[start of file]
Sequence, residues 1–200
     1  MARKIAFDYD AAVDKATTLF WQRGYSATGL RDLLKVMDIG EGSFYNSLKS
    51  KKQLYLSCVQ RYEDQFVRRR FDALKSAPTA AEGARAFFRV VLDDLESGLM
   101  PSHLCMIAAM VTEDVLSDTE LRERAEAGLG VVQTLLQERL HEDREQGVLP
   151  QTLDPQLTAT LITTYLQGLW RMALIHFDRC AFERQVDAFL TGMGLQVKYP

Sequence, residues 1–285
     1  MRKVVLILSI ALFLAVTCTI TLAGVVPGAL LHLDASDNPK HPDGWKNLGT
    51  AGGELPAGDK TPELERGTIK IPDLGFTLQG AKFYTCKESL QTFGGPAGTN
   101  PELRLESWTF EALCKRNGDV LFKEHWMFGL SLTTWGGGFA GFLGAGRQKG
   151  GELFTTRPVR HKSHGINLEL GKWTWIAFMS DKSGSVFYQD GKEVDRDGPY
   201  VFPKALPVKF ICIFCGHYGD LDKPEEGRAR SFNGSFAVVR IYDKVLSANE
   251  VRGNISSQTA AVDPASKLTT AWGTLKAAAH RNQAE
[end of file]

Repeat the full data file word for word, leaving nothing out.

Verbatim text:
Sequence, residues 1–200
     1  MARKIAFDYD AAVDKATTLF WQRGYSATGL RDLLKVMDIG EGSFYNSLKS
    51  KKQLYLSCVQ RYEDQFVRRR FDALKSAPTA AEGARAFFRV VLDDLESGLM
   101  PSHLCMIAAM VTEDVLSDTE LRERAEAGLG VVQTLLQERL HEDREQGVLP
   151  QTLDPQLTAT LITTYLQGLW RMALIHFDRC AFERQVDAFL TGMGLQVKYP

Sequence, residues 1–285
     1  MRKVVLILSI ALFLAVTCTI TLAGVVPGAL LHLDASDNPK HPDGWKNLGT
    51  AGGELPAGDK TPELERGTIK IPDLGFTLQG AKFYTCKESL QTFGGPAGTN
   101  PELRLESWTF EALCKRNGDV LFKEHWMFGL SLTTWGGGFA GFLGAGRQKG
   151  GELFTTRPVR HKSHGINLEL GKWTWIAFMS DKSGSVFYQD GKEVDRDGPY
   201  VFPKALPVKF ICIFCGHYGD LDKPEEGRAR SFNGSFAVVR IYDKVLSANE
   251  VRGNISSQTA AVDPASKLTT AWGTLKAAAH RNQAE